07 Jul Celebrating World Kiswahili Language Day
Kiswahili is now a widely spoken language in Africa. Predominantly spoken in the East African region, the language is quickly finding its way to the rest of Africa and has now earned its place of pride as one of the world’s top 10 most spoken languages and Africa’s most widely spoken language. It enjoys official national status in Kenya, Tanzania and now Uganda which recently adopted it as its second official national language and directed that it be made a compulsory subject in primary and secondary schools. Kiswahili is also widely spoken in parts of DR Congo, Rwanda, Burundi, South Sudan, Mozambique, Malawi, Zambia and Comoros.
In 2019, Swahili became the only African language to be recognized by the Southern African Development Community (SADC). Shortly after, it was introduced in classrooms across South Africa and Botswana. Most recently, Ethiopia’s Addis Ababa University announced it would start teaching Swahili. Some linguists predict that Swahili’s reach in Africa will continue to expand.
Kiswahili has become the first African language, spoken by more than 200 million people, to be honoured by UNESCO. On November 23, 2021, the United Nations designated July 7 as the World Kiswahili Language Day — the official day to celebrate the Swahili language. This made Swahili the first African language to be feted by the UN. It is also one of the official languages of the African Union.
Kiswahili for Peace and Posterity
The celebration of the World Kiswahili language day points to the role the Kiswahili language plays in promoting cultural diversity and creating awareness and fostering dialogue among civilizations. The need to promote multilingualism as a core value of nations in Africa is an essential factor in harmonious communication between peoples, which promotes unity in diversity and international understanding, tolerance and dialogue.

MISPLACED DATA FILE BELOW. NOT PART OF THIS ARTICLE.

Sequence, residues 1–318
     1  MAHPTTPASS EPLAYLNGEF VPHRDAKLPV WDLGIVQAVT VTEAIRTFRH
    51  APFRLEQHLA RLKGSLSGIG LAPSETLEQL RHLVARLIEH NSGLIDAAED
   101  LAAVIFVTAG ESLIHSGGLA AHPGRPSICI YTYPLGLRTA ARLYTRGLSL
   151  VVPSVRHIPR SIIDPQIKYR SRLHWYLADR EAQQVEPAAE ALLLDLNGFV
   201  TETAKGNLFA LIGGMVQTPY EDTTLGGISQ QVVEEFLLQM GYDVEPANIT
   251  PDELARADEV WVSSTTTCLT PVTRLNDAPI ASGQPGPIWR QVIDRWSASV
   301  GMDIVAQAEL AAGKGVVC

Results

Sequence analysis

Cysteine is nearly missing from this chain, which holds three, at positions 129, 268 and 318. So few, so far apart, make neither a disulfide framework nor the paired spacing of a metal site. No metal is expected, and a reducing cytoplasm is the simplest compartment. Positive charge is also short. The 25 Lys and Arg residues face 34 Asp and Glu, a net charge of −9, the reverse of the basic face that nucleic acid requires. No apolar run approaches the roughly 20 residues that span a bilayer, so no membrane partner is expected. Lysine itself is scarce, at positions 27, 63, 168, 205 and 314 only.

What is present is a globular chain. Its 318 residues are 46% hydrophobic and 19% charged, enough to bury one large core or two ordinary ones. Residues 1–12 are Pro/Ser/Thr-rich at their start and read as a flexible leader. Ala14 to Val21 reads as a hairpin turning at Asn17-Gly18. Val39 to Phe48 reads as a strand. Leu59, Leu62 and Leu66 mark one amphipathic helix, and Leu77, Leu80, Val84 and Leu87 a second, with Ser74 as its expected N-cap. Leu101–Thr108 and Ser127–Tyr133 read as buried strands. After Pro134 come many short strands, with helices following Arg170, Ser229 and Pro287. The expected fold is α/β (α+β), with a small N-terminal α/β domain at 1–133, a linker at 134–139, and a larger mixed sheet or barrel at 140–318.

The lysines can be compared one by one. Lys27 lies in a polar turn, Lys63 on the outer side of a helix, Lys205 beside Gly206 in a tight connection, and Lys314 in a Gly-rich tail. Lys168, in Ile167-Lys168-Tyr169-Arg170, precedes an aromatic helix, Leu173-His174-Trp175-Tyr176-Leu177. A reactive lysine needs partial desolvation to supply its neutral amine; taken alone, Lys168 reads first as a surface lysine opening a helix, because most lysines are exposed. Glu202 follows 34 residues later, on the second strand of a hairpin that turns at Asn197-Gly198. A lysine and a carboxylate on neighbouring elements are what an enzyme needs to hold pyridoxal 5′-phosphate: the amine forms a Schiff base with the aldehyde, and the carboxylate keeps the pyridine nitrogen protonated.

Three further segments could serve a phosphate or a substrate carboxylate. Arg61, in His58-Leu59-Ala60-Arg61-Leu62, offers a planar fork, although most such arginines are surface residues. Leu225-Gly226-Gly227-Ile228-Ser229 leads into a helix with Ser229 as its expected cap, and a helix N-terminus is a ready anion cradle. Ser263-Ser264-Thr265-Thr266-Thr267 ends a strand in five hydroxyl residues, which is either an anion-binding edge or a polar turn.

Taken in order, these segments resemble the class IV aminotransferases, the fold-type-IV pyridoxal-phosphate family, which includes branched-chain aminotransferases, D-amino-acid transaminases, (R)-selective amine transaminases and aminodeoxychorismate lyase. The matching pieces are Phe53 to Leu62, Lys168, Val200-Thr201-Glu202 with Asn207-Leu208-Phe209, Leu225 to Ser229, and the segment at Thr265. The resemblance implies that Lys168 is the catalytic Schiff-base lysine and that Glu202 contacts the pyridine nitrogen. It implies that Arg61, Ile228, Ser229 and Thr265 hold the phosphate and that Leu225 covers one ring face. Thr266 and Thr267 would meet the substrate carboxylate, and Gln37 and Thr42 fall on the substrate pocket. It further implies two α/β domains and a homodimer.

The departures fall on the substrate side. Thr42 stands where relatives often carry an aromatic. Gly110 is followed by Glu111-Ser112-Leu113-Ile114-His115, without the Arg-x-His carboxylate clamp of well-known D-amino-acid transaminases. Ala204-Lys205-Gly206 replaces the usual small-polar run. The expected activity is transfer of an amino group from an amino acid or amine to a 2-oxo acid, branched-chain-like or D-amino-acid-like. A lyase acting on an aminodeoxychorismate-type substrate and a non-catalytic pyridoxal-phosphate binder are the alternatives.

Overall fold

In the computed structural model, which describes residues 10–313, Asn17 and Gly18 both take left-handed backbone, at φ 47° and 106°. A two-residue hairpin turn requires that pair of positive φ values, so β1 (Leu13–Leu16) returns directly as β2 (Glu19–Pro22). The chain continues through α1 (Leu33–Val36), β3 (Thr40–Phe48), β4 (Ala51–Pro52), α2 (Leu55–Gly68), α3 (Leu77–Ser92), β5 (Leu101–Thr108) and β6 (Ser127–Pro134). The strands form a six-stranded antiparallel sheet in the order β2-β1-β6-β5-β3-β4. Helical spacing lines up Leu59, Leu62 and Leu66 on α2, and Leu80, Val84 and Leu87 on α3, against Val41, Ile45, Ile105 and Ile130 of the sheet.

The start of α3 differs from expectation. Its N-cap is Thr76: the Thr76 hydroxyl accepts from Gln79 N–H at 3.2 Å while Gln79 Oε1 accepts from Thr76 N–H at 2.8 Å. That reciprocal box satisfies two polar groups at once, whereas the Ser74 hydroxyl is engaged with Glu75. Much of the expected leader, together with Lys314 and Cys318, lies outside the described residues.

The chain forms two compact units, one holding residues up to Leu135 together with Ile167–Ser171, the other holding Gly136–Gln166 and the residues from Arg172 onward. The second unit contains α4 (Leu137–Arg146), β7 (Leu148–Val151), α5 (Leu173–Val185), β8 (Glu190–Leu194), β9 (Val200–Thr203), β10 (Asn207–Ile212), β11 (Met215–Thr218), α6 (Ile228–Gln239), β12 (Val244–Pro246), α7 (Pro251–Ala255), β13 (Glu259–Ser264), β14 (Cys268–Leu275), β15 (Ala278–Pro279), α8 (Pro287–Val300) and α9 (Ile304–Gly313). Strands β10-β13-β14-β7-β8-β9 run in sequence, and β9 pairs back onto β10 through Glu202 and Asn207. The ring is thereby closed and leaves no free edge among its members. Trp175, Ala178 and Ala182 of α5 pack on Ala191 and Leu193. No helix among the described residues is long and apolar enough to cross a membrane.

Kiswahili is a language that speaks to both the past and present and with over 200 million speakers, it is one of the most widely used African languages, encompassing more than a dozen main dialects. Over the centuries, this Bantu language has emerged as a common form of communication in many parts of sub-Saharan Africa and the Middle East. The language is quickly becoming a unifying factor especially for African countries that have walked individually over the years. The yearning of many to see the united states of Africa could actually become a reality as Kiswahili continues to make its way into most of the African countries.
Africa has widely been known as a continent with a rich culture with warm and friendly people. It has for the longest time been divided by its various tribes and diverse dialects. Kiswahili is now here to unite the continent and to create a people proudly speaking one native language.